The conte (sic) is a tale something more than a sketch, it may be, and something less than a short story. . . . The "Canterbury Tales" are contes , most of them, if not all, and so are some of the "Tales of a Wayside Inn."
Brander Matthews.

Contection (-tĕk"shŭn) noun [ Latin contegere , -tectum , to cover up.] A covering. [ Obsolete] Sir T. Browne.

Contek (kŏn"tĕk) noun [ Middle English conteck , conteke , contake , perhaps a corruption either of contact or contest .]
1. Quarrel; contention; contest. [ Obsolete]

Contek with bloody knife.
Chaucer.

2. Contumely; reproach. [ Obsolete] Wyclif.

Contemn (kŏn*tĕm") transitive verb [ imperfect & past participle Contemned (- tĕmd); present participle & verbal noun Contemning (-tĕm"nĭng or -tĕm"ĭng).] [ Latin contemnere , -temptum ; con- + temnere to slight, despise: confer Old French contemner .] To view or treat with contempt, as mean and despicable; to reject with disdain; to despise; to scorn.

Thy pompous delicacies I contemn .
Milton.

One who contemned divine and human laws.
Dryden.

Syn. -- To despise; scorn; disdain; spurn; slight; neglect; underrate; overlook. -- To Contemn , Despise , Scorn , Disdain . Contemn is the generic term, and is applied especially to objects, qualities, etc., which are deemed contemptible, and but rarely to individuals; to despise is to regard or treat as mean, unbecoming, or worthless; to scorn is stronger, expressing a quick, indignant contempt; disdain is still stronger, denoting either unwarrantable pride and haughtiness or an abhorrence of what is base.

Contemner (kŏn*tĕm"nẽr or -tĕm"ẽr) noun One who contemns; a despiser; a scorner. " Contemners of the gods." South.

Contemningly adverb Contemptuously. [ R.]

Contemper (kŏn*tĕm"pẽr) transitive verb [ Latin contemperare , - temperatum ; con- + temperare to temper. Confer Contemperate .] To modify or temper; to allay; to qualify; to moderate; to soften. [ Obsolete]

The antidotes . . . have allayed its bitterness and contempered its malignancy.
Johnson.

Contemperate (kŏn*tĕm"pẽr*āt) transitive verb [ See Contemper .] To temper; to moderate. [ Obsolete]

Moisten and contemperate the air.
Sir T. Browne.

Contemperation (-ā"shŭn) noun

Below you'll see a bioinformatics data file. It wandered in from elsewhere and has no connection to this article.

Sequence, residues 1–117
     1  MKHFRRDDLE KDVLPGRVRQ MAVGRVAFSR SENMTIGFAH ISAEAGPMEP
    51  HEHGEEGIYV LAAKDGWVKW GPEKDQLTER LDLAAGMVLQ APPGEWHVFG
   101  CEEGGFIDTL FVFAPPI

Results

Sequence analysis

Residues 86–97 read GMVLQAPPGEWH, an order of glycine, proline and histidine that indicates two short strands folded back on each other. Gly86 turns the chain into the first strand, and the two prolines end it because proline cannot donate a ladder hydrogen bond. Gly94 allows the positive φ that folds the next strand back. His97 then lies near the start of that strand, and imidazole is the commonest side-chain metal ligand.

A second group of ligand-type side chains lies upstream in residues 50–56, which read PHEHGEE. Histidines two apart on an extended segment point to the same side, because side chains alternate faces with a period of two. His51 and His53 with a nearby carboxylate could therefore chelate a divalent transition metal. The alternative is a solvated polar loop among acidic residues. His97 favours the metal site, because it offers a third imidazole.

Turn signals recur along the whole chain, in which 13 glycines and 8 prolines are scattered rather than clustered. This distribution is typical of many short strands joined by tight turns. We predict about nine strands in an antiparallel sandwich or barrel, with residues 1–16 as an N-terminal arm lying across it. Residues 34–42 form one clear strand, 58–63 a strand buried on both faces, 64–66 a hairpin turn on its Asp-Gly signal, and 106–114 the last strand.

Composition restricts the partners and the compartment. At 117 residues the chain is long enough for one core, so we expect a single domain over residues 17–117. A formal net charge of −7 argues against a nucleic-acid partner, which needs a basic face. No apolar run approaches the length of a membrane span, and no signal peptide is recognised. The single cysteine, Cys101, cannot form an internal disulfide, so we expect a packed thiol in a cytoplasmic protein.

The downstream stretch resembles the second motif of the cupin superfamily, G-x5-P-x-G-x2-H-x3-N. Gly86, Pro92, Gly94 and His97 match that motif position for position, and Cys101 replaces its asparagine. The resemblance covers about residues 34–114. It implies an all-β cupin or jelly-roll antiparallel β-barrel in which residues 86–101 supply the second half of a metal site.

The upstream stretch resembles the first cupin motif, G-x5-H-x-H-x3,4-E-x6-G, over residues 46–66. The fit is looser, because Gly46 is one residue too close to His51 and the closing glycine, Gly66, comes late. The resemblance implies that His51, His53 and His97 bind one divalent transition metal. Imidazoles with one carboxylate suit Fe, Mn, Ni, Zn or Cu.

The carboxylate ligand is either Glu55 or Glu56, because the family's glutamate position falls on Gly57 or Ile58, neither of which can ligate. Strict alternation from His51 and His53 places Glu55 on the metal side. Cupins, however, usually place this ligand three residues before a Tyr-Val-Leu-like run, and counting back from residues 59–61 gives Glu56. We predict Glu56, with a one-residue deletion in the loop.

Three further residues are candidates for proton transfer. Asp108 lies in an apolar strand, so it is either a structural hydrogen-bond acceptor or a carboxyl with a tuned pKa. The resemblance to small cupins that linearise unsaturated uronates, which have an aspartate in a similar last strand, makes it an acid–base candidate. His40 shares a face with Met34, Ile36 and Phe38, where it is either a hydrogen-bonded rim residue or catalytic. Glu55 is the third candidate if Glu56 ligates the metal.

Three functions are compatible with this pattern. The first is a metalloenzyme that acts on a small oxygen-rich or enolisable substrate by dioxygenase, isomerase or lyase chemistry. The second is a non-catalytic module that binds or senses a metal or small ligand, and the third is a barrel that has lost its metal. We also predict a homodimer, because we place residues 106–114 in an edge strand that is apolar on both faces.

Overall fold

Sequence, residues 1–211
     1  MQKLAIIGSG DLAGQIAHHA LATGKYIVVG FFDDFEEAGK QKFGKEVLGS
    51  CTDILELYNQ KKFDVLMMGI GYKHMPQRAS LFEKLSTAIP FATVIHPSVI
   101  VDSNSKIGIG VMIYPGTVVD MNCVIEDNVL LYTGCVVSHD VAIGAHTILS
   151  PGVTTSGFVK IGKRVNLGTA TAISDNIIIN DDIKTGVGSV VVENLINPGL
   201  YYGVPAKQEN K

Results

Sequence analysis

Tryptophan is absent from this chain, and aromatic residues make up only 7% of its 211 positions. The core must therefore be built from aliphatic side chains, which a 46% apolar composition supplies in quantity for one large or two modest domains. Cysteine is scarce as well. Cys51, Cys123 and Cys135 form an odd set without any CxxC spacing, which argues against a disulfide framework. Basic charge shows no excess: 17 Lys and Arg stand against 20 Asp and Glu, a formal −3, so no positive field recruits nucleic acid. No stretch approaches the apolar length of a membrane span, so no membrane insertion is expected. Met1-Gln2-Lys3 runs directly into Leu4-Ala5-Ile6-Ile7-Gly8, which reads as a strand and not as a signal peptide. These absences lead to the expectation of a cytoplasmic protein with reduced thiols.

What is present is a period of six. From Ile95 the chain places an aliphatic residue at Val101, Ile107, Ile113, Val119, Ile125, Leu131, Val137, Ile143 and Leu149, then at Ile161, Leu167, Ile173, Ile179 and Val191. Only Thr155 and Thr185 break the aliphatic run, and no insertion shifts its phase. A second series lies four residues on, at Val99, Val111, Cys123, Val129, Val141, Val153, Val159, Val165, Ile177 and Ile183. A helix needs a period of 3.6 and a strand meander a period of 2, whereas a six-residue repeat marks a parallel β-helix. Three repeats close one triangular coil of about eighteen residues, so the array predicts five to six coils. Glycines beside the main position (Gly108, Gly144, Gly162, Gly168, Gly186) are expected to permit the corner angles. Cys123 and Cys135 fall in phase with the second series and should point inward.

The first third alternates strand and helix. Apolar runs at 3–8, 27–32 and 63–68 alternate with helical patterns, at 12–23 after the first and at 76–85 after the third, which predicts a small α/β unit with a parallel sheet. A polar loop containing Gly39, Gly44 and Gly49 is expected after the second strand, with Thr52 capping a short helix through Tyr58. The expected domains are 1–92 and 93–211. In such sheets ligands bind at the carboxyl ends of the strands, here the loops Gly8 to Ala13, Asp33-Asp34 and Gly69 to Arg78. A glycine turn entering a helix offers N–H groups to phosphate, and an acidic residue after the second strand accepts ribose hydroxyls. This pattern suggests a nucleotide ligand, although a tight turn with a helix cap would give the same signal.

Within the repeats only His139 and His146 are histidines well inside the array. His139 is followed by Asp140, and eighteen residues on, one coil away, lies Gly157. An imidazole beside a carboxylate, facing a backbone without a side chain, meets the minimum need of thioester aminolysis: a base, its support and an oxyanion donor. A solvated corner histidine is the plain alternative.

1. The act of tempering or moderating. [ Obsolete] Sir T. Browne.

2. Proportionate mixture or combination. " Contemperation of light and shade." Boyle.

Contemperature (- tĕm"pẽr*ȧ*tur; 135) noun The condition of being tempered; proportionate mixture; temperature. [ Obsolete]

The different contemperature of the elements.
South.

Contemplance noun Contemplation. [ Obsolete] Chaucer.

Contemplant adjective [ Latin contemplans , present participle] Given to contemplation; meditative. [ R.] Coleridge.

Contemplate transitive verb [ imperfect & past participle Contemplated (# or #); present participle & verbal noun Contemplating .] [ Latin contemplatus , past participle of contemplari to contemplate; con- + templum a space for observation marked out by the augur. See Temple .]
1. To look at on all sides or in all its bearings; to view or consider with continued attention; to regard with deliberate care; to meditate on; to study.

To love, at least contemplate and admire,
What I see excellent.
Milton.

We thus dilate
Our spirits to the size of that they contemplate .
Byron.

2. To consider or have in view, as contingent or probable; to look forward to; to purpose; to intend.

There remain some particulars to complete the information contemplated by those resolutions.
A. Hamilton.

If a treaty contains any stipulations which contemplate a state of future war.
Kent.

Syn. -- To view; behold; study; ponder; muse; meditate on; reflect on; consider; intend; design; plan; propose; purpose. See Meditate .

Contemplate intransitive verb To consider or think studiously; to ponder; to reflect; to muse; to meditate.

So many hours must I contemplate .
Shak.

Contemplation noun [ French contemplation , Latin contemplatio .]
1. The act of the mind in considering with attention; continued attention of the mind to a particular subject; meditation; musing; study.

In contemplation of created things,
By steps we may ascend to God.
Milton.

Contemplation is keeping the idea which is brought into the mind for some time actually in view.
Locke.

2. Holy meditation. [ Obsolete]

To live in prayer and contemplation .
Shak.

3. The act of looking forward to an event as about to happen; expectation; the act of intending or purposing.

In contemplation of returning at an early date, he left.
Reid.

To have in contemplation , to inted or purpose, or to have under consideration.

Contemplatist noun A contemplator. [ R.] I. Taylor.

Contemplative adjective [ French contemplatif , Latin contemplativus .]
1. Pertaining to contemplation; addicted to, or employed in, contemplation; meditative.

Fixed and contemplative their looks.
Denham.

2. Having the power of contemplation; as, contemplative faculties. Ray.

Contemplative noun (R. C. Ch.) A religious or either sex devoted to prayer and meditation, rather than to active works of charity.